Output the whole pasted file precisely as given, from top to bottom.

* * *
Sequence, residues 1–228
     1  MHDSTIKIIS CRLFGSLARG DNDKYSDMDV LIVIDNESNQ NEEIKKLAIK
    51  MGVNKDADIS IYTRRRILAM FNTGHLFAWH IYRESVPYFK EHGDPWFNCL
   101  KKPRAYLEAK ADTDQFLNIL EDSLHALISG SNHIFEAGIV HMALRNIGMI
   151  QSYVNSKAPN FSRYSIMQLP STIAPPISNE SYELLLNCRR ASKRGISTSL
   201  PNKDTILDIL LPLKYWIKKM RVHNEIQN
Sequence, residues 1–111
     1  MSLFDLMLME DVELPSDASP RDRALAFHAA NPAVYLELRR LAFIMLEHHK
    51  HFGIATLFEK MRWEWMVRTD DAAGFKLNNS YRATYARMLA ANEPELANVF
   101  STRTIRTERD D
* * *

Sequence, residues 1–228
     1  MHDSTIKIIS CRLFGSLARG DNDKYSDMDV LIVIDNESNQ NEEIKKLAIK
    51  MGVNKDADIS IYTRRRILAM FNTGHLFAWH IYRESVPYFK EHGDPWFNCL
   101  KKPRAYLEAK ADTDQFLNIL EDSLHALISG SNHIFEAGIV HMALRNIGMI
   151  QSYVNSKAPN FSRYSIMQLP STIAPPISNE SYELLLNCRR ASKRGISTSL
   201  PNKDTILDIL LPLKYWIKKM RVHNEIQN
Sequence, residues 1–111
     1  MSLFDLMLME DVELPSDASP RDRALAFHAA NPAVYLELRR LAFIMLEHHK
    51  HFGIATLFEK MRWEWMVRTD DAAGFKLNNS YRATYARMLA ANEPELANVF
   101  STRTIRTERD D